Gianni's Mael is a blend of 40% Garganega; the noble white grape of the Veneto, with 20% Trebbiano, 20% Trebbianello (an autochthonous clone, unique to his vineyard, according to Gianni), and 20% Riesling, fermented and aged in stainless steel tanks. Make sure you use a good large glass as if you were pouring a bottle of fine white Burgundy from Gilles Corsin or Domaine Henri Germain - this pale yellow gold wine is a textbook example of how evolves in the glass after it's poured.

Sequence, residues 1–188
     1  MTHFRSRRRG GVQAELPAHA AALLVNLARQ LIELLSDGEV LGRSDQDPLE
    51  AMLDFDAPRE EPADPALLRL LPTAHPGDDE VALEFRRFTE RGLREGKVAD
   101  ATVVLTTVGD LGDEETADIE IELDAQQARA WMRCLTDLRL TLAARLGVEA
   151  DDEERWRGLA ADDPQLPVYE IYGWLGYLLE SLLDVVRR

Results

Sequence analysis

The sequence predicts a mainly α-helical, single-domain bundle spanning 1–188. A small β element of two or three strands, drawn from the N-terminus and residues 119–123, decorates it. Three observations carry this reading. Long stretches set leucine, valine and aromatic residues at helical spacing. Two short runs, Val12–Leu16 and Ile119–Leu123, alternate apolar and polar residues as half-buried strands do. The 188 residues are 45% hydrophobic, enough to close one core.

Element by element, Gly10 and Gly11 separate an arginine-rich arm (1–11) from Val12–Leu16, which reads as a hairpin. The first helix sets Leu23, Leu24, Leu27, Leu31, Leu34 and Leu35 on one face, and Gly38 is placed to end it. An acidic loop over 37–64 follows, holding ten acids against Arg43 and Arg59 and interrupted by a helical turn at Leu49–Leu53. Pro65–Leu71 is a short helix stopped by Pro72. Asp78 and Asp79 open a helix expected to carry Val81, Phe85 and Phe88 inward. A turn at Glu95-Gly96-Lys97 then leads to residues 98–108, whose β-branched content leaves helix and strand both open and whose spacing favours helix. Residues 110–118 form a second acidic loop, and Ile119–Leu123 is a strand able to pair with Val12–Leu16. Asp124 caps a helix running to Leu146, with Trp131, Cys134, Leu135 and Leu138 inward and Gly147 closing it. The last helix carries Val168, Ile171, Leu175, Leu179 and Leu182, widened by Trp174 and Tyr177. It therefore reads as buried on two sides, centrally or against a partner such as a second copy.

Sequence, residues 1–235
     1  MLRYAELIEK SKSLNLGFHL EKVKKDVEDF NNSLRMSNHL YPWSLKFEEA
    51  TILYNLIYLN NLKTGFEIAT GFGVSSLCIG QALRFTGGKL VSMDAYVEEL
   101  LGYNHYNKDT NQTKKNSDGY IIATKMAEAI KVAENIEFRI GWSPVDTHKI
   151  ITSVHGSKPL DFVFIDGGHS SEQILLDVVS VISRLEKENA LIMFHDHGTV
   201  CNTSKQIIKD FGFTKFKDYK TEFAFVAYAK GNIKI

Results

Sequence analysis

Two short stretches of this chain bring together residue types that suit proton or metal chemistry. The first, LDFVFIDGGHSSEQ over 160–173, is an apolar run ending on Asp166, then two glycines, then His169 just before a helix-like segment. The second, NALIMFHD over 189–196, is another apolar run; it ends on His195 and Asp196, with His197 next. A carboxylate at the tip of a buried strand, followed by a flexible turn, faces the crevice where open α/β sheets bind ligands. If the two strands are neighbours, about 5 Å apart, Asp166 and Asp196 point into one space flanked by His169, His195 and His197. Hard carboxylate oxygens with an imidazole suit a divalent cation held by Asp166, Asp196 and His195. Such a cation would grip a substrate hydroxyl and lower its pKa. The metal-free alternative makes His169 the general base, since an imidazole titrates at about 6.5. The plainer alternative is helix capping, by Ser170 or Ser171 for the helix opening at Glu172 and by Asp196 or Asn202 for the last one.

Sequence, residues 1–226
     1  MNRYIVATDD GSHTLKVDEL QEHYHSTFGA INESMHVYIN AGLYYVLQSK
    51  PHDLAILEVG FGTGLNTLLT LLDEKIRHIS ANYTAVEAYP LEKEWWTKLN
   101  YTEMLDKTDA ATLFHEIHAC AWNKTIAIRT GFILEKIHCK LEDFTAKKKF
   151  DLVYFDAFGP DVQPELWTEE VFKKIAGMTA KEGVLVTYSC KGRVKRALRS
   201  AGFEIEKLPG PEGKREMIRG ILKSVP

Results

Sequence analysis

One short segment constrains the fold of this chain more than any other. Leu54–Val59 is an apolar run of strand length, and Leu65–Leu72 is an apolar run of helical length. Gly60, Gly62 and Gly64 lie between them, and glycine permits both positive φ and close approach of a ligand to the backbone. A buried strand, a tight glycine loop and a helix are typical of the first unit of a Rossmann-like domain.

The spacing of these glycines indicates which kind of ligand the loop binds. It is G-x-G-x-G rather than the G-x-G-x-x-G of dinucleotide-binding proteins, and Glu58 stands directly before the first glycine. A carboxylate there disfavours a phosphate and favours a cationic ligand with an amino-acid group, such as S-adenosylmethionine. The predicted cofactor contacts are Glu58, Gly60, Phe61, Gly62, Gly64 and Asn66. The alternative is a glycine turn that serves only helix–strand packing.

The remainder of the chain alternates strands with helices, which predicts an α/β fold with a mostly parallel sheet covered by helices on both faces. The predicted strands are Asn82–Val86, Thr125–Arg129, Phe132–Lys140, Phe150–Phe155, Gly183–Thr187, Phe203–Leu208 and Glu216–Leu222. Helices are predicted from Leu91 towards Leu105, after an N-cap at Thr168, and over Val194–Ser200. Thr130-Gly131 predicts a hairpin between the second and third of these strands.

Apple and peach blossoms, ripe Bartlett pears, and chamomile emerge on the nose, along with suggestions of basil, citrus oil, and dried honeycomb. On the palate, the wine is silken-textured, with generous, mineral-infused flavors of Cameo apples, lime zest, and warm almonds. The overall impression is one of mouth-filling, sunny opulence wrapped around a cleansing calcareous mineral core. Drink now-2021. About this wine producer: Gianni Piccoli is as stubborn as he is modest and self-effacing, with no interest in following the easy paths to guaranteed market share if they mean compromising his principles. He and his sons Mattia, Andrea, and Stefano simply make the best wine in Bardolino. Which is how they find the best customers. Corte Gardoni was established in 1980, when Gianni decided that his beautiful grapes – carefully farmed at low yields on the stony slopes of the moraine in Valeggio sul Mincio – would no longer be sold in bulk, to be blended anonymously in the vats of industrial wineries like Bolla and Folonari that still dominate Bardolino. Building a winery was a risky undertaking in a region that had such little prestige, but Gianni Piccoli never looked back. Today, under the direction of his son Mattia, Corte Gardoni supplies the finest Bardolino and Custoza to nearly every Michelin starred restaurant in Italy.